I'm hoping some laser experts can answer this question. I'm interested in how a temporary near-vacuum tunnel might possibly be created through air using laser technology. I understand that a laser beam will heat and excite the air column it interacts with, which can cause a density reduction and at high energy can ionise the air to plasma. I just don't understand to what extent this could be used to "cut a path" through air. I imagine the plasma or super heated air in the laser column to be very high temp, but very low density.

If this is possible please identify the laser technology and how it might be achieved. Thanks very much.

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    $\begingroup$ Obligatory SMBC and a previous time this came up on Physics. $\endgroup$ – dmckee --- ex-moderator kitten Jan 23 '18 at 22:58
  • $\begingroup$ Lightning? Also: I've done this (by accident) when a 100 Hz, 100W, laser (3 ns pulses) got loose at DESY--there was definitely a plasma at the focal point--and the safety officers took considerable notice. $\endgroup$ – JEB Jan 24 '18 at 1:58

@dmckee mocked at the idea and pointed to a possible duplicate. However, this question does not specify that the reduced density channel is needed to reduce missile drag, so the question is more general and thus different from the possible duplicate.

Many years ago, my bosses told me to find a way to create reduced density channels in the atmosphere. Such channels can have different applications, but I do not want to discuss them here. So such channels can be created using optical discharge in the air and subsequent heating of the ionized air by electromagnetic radiation. Creating broad channels requires a lot of energy, and one needs short wavelength radiation to create long and narrow channels because of diffraction constraints. Using just one laser beam is problematic, as the plasma density in the optical discharge increases until it becomes opaque for the laser beam, so instead of a long homogeneous channel one often gets a series of short channels.

So, after some search in the dark, I suggested creating reduced density channels by combined action of laser and microwave beams. The microwave beam is much broader than the coaxial laser beam (because of diffraction constraints). For appropriate choice of intensities of the beams, the discharge only takes place near the axis, where the beams overlap. The plasma density is pretty much limited by the critical plasma density for the microwave beam, so the plasma stays transparent for the laser beam, and it is possible to achieve a narrow homogeneous plasma channel. Furthermore, I suspected that a significant part of the relatively inexpensive power of microwave beam can be absorbed in this narrow channel, although the channel's diameter is much less than the diameter of the microwave beam. Heating of the narrow plasma channel reduces the air density in the channel due to aerodynamic processes. My calculations based on a rigorous solution of a diffraction problem confirmed this counter-intuitive conjecture, and I published the first work on this topic (Sov. Tech. Phys. Lett. 17(6), June 1991, p. 396.). Since then, I found more precise conditions of such efficient heating of narrow conducting cylinders by broad electromagnetic beams (arXiv:physics/0405091 and arXiv:physics/0611169) and (together with great co-authors) provided experimental confirmation of the results (arXiv:1109.1626 , arXiv:1208.0066 , Proc. of SPIE Vol. 10185 101850I-1 (2017)).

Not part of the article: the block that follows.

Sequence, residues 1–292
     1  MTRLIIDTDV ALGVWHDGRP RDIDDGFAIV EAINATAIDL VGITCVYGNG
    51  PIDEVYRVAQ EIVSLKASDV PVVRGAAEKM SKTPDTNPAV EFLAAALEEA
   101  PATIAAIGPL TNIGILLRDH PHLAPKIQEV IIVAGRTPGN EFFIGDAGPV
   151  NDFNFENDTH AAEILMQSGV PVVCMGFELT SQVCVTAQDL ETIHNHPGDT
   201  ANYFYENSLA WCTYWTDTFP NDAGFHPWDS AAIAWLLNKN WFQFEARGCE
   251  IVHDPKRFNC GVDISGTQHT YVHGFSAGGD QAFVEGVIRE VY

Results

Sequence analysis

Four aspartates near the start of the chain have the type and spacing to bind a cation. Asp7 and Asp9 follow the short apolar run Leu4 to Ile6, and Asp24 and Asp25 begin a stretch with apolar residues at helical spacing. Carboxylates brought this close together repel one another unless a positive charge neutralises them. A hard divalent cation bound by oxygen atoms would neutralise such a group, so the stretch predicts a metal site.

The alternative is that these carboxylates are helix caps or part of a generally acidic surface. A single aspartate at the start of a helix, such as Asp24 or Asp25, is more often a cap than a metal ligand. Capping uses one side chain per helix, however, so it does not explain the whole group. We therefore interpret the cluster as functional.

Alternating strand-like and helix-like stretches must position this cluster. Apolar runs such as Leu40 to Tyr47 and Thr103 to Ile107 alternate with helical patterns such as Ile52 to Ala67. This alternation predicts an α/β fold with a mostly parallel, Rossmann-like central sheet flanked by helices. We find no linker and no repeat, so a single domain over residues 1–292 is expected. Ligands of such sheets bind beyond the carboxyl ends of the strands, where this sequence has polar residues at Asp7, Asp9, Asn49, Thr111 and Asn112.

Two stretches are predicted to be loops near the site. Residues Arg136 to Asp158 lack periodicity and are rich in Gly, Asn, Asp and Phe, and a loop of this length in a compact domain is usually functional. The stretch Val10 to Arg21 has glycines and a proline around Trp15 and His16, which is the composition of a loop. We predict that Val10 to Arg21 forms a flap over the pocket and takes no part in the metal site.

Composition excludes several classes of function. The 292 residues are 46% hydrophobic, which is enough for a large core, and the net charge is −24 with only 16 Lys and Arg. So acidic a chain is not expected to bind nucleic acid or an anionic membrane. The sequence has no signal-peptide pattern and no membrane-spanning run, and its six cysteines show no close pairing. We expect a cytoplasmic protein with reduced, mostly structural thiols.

The image shows a 20 micron diameter platinum wire heated by a 300 micron diameter CO2 laser beam with heating efficiency of tens percent.

Other people (Nature Photonics 8, 297–301 (2014)) demonstrated a plasma channel in the atmosphere created by a thin femto-second laser beam using energy supply from the sides from another laser beam, but they used self-focused first beam and axicon focusing of the second beam.

  • $\begingroup$ "one needs short wavelength radiation to create long and narrow channels because of diffraction constraints" - unless one uses laser filamentation. $\endgroup$ – Emilio Pisanty May 30 '19 at 7:30
  • $\begingroup$ @EmilioPisanty : Yes, I mention self-focusing in my papers, and filamentation is used in the Nature Photonics article I cited. This approach seems to have its share of difficulties. $\endgroup$ – akhmeteli May 30 '19 at 14:09

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